Online consultations: disrupting rather than destabilising
In primary care, GPs are under increasing pressure as numbers decline while the population grows, along with the complexity of cases. It’s clear that change is absolutely necessary; the future of primary care must be technology enabled.
In November 2017, NHS England launched a £45mn fund to contribute towards the costs for GP online consultation systems, as part of NHS England’s GP Forward View. This money will be split over three years, giving CCGs an annual budget of £15mn. Divide this number by the UK’s 58mn registered GP patients and you get a figure of 26p per patient per annum. This might not sound like much but with the most basic services available for as low as 2p per patient per annum, this fund could revolutionise the delivery of primary care.
Appetite for disruption
We’ve already seen that there is a huge appetite for disruptive technology in GP practices. Usually involving a website or app, online consultations increasingly serve as the first point of contact between a patient and a GP, improving patient access to care and making best use of clinicians’ time.
While there has been controversy surrounding GP at Hand, the free NHS service powered by Babylon, the model has demonstrated the desire for digital-first services from both patients and forward-thinking GPs. In its first seven months, a staggering 40,000 London based patients applied and 200 GPs signed up to the service.
Patients were drawn in by the speed with which they could book appointments (an average 38 minutes) compared to waiting a week or more in traditional practices and the potential to get a same or next day face-to-face appointment with a GP in one of five London clinics.
So far so good but, unfortunately, there’s a flipside; by signing up to GP at Hand, patients were automatically deregistered from their GP practices. And, because Babylon set a stringent set of rules around the patients it would accept, i.e. no long-term conditions, no mental health or pregnancies, they were accused of ‘cherry picking.’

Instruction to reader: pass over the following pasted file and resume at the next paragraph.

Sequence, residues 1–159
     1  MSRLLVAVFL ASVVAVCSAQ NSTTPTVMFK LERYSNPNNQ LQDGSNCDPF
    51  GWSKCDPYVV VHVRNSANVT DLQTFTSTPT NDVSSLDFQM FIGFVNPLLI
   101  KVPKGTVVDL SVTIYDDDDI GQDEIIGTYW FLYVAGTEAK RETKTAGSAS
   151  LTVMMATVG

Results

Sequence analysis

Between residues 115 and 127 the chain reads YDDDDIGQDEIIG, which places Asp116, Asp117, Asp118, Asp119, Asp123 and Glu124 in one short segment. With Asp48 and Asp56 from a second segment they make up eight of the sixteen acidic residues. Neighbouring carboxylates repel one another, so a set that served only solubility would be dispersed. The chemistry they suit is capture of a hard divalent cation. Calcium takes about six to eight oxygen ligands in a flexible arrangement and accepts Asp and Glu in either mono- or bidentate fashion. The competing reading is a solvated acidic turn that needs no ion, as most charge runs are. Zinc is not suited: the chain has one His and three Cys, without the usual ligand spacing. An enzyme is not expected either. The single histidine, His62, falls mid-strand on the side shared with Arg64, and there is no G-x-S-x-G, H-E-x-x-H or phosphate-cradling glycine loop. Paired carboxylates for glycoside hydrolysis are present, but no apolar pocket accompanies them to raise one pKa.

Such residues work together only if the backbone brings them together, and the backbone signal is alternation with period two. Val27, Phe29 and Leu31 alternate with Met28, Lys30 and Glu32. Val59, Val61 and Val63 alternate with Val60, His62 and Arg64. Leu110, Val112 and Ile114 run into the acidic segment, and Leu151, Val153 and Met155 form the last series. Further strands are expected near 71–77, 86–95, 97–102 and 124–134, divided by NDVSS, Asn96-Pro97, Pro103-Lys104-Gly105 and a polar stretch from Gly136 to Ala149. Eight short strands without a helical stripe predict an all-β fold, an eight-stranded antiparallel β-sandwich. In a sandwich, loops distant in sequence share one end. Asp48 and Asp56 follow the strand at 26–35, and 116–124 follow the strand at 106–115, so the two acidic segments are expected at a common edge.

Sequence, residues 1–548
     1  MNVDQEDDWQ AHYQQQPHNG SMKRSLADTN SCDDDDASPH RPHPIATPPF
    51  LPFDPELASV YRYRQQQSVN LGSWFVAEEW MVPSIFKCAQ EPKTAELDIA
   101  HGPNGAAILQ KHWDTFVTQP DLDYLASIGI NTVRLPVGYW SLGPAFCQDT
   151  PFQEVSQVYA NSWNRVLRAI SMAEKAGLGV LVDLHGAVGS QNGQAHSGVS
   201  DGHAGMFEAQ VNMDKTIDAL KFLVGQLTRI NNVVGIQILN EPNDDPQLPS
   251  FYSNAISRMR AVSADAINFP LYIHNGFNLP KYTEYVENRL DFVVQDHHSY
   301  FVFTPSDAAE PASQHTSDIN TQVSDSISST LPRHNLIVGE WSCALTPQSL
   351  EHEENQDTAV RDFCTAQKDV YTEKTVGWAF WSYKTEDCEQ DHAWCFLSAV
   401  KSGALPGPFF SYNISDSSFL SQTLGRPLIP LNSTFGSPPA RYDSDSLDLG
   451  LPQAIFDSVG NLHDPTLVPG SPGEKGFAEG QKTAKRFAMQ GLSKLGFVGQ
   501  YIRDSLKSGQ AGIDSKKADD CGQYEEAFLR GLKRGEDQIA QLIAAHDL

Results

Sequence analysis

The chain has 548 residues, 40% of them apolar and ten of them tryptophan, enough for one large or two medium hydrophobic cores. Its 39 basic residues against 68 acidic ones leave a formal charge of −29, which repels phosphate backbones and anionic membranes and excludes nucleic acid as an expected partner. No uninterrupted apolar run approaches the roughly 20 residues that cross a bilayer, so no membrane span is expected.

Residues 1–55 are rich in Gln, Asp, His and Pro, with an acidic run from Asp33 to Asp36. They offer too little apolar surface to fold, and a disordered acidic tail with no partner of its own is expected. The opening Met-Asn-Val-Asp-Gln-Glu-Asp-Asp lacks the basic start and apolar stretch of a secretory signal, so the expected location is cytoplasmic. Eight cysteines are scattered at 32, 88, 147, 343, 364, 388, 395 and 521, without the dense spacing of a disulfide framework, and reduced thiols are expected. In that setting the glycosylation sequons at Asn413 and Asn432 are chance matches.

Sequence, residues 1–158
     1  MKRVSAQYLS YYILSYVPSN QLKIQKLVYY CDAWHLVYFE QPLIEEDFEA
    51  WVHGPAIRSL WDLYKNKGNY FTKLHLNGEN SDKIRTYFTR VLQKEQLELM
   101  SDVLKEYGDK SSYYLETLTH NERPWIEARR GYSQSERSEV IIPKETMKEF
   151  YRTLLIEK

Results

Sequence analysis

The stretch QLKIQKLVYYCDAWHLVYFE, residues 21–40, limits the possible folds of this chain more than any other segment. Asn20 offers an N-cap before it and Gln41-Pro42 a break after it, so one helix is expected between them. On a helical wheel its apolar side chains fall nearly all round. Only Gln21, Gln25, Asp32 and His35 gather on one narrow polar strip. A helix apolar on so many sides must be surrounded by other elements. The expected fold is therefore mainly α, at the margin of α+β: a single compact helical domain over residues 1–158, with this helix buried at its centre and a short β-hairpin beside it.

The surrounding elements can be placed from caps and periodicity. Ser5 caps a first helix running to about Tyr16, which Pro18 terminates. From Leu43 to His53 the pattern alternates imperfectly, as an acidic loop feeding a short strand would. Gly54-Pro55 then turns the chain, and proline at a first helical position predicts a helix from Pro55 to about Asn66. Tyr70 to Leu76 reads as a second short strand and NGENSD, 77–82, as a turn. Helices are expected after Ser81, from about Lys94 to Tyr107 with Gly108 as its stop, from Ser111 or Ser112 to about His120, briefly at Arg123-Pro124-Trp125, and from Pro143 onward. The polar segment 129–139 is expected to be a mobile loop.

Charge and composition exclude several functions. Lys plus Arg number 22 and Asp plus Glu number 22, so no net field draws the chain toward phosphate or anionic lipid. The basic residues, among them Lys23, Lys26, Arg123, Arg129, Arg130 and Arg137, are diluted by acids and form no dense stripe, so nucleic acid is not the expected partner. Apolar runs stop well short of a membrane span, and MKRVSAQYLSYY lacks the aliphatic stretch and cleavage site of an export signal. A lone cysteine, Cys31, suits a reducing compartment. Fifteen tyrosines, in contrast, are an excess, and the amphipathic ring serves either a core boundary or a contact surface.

When the ‘worried well’ moved over to the service, GPs were left with only the most complex and challenging cases. Because of the way funding is allocated, as registration numbers declined, this model destabilised rather than disrupted traditional models.
Leave that aside for the moment, and what GP at Hand undoubtedly demonstrates is the appetite for a revolution in the way patients want to access primary care going forward and, moreover, GPs’ willingness to embrace technology to harness new care models. So, with this mind, where do we go from here?
Bridging the gap between disruptive and traditional models
At Refero, we embrace technology that enables new ways of engaging people and connecting them with public services; we firmly believe there is a need to bridge the gap between disruptive technology and the more traditional primary care models by combining the two to deliver the best of both worlds – adding to, rather than taking away from, more established ways of working.
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Ultimately, we believe it’s about arming GPs with the right tools to meet patient needs and improving access to and quality of care. It’s also about driving efficiencies in primary care and easing the growing burden on those at the coal face – the GPs.
Digital all the way…until the virtual door shuts